consider the vix futures contract that expires on 19th october 2021.

at expiry, that contract will be worth $1,000 x the vix index.

(the $1,000 is called the contract size - it's arbitrary.)

the vix future contract is quoted in vix terms.

so, if you long the october vix future at 20, the nominal value of your position is 20 x $1k = $20k

on 19th october expiry, if the vix index is at 21 - then the nominal value of your position is $21k

you made $1k

stay with me...

i know that was boring, but i thought that detail was important to cover.

from now on we're just going to talk about prices in vix terms.

the important thing is this...

we know the price of the vix future will converge with the value of the vix index at expiry.

and we know we can't trade vix, so there's no arb trade between index and futures.

so there's no invisible force tethering the vix futures to the current vix index value.

so vix futures are really just bets on the future value of vix.

and what do we recall about vix from earlier?

  1. it's predictable
  2. if we could trade it, we'd rather be long than short.

so we would expect these 2 things to be represented in the vix futures price.


let's go back in time to illustrate this.

it's 3rd jan 2018. vix closes at 9.2 - the lowest close ever.

the jan vix futures expire in 15 days, what price do they trade at?

consider that, for them to trade, a buyer and seller must both be happy to trade at that price.

would you be happy to buy jan vix futures at 9.2?

hell yeah you would!

vix is more likely to go higher, not lower.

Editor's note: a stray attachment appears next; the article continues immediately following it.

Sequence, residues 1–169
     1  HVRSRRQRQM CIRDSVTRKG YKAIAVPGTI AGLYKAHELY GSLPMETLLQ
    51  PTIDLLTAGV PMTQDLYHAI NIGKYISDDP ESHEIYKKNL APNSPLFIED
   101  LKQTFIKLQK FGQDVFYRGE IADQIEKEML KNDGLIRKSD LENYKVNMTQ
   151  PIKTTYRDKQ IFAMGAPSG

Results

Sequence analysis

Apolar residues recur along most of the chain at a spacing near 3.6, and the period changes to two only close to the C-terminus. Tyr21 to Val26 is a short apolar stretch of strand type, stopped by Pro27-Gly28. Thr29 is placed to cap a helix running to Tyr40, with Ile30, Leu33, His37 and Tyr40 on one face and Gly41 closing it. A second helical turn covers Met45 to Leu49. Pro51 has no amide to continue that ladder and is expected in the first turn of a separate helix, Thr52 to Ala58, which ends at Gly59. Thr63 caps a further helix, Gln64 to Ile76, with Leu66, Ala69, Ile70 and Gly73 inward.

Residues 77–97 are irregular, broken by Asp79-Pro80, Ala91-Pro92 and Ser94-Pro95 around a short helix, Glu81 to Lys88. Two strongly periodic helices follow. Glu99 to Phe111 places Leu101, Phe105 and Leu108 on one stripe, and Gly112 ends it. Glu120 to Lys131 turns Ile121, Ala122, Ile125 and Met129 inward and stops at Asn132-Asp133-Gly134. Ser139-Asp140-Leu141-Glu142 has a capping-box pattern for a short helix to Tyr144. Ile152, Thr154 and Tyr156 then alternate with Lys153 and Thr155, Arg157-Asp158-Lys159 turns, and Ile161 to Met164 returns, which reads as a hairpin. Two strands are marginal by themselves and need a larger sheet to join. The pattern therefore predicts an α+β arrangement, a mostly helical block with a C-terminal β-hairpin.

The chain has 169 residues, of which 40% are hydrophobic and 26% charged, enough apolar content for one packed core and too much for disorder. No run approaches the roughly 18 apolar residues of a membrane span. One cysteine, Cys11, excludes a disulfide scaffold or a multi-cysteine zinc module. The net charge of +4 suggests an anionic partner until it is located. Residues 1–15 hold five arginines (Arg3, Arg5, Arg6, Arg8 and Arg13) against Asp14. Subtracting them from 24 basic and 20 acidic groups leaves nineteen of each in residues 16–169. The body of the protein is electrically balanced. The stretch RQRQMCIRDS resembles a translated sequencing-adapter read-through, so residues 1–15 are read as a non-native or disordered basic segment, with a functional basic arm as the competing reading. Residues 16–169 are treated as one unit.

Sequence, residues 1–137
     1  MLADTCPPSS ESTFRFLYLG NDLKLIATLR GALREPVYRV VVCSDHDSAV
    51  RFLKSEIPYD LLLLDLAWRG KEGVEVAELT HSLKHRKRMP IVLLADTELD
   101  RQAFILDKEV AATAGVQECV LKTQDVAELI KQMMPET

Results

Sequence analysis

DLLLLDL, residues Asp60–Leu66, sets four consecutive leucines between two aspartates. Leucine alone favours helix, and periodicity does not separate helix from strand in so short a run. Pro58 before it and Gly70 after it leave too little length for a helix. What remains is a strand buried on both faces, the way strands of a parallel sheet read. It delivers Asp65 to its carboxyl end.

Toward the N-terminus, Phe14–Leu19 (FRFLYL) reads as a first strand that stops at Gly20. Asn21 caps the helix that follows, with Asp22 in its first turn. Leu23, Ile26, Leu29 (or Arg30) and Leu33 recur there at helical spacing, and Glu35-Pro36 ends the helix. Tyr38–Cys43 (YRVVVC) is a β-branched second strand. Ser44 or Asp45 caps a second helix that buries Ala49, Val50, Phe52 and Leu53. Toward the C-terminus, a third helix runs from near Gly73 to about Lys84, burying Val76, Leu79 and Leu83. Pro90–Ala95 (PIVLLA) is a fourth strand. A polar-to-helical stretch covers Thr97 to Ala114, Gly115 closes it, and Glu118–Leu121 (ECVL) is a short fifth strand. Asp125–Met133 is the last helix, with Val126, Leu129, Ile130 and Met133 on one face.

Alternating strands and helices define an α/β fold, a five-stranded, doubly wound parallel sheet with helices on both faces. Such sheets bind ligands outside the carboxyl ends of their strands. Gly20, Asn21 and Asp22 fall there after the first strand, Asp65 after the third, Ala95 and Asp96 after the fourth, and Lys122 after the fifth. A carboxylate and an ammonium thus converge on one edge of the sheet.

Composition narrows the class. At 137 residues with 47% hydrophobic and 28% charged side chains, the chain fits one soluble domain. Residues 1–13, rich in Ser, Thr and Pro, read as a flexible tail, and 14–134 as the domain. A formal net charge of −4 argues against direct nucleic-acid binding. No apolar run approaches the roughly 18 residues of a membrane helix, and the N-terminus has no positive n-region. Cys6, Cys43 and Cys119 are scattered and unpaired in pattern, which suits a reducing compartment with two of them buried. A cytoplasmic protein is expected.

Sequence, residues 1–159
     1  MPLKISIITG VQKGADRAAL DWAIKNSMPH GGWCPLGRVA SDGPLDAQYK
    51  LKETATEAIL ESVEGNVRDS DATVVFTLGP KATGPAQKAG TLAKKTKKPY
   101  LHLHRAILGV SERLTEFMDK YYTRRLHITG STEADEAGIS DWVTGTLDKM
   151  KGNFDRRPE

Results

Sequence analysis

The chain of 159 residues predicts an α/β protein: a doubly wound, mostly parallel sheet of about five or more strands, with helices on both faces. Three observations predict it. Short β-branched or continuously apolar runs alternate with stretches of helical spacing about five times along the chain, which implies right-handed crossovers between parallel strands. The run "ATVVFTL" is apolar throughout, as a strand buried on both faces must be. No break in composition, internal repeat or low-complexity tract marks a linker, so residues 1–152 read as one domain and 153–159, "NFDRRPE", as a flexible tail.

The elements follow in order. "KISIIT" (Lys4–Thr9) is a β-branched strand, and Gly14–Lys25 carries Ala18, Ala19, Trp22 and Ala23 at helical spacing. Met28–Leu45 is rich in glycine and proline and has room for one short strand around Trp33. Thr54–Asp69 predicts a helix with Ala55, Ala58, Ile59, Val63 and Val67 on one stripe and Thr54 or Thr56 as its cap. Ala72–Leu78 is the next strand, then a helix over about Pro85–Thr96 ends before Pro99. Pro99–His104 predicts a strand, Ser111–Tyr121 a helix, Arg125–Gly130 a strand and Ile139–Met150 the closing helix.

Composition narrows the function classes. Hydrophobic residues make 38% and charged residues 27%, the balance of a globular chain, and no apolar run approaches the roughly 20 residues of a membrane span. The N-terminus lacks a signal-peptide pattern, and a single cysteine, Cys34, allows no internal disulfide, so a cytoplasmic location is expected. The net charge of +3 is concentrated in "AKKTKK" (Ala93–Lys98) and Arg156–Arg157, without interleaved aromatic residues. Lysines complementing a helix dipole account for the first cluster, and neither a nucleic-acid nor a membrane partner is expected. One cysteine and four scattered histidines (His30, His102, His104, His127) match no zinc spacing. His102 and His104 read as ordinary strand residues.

and it's unlikely to go much lower, but it could go a lot higher!

long at 9.2 would be a nice positive expectation bet with limited downside and huge potential upside.

would you be happy to sell jan vix futures at 9.2?

hell no you would not!

vix is more likely to go higher, not lower.

and it's unlikely to go much lower, but it could go a lot higher!

shorting at 9.2 would be a negative expectation bet with huge potential downside and very limited upside.

for vix futures to trade, we need a price that both buyers and sellers are happy with.


so we'd expect the jan vix futures to be trading higher than 9.2

let's check if this actually happened...

go to http://vixcentral.com and click "historical prices" and go back to 3rd jan '18.

the jan futures contract, expiring in 15 days, is priced at 10.7 - which is 1.5 points higher than the vix index.

sellers were only prepared to sell at a premium cos the bet was so unattractive.

buyers were prepared to meet them there cos the bet was so attractive.

everyone knows vix is more likely to go up from a super low print.

and everyone prefers high upside/low downside bets.


the difference between the futures price and the index is called the "basis".

it consists mostly of two components:

  1. rational market expectation of predictable future changes in vix
  2. a premium sellers demand for taking on exposures with low upside & high downside.


in the next article, i discuss how you can apply these concepts to a systematic carry trade.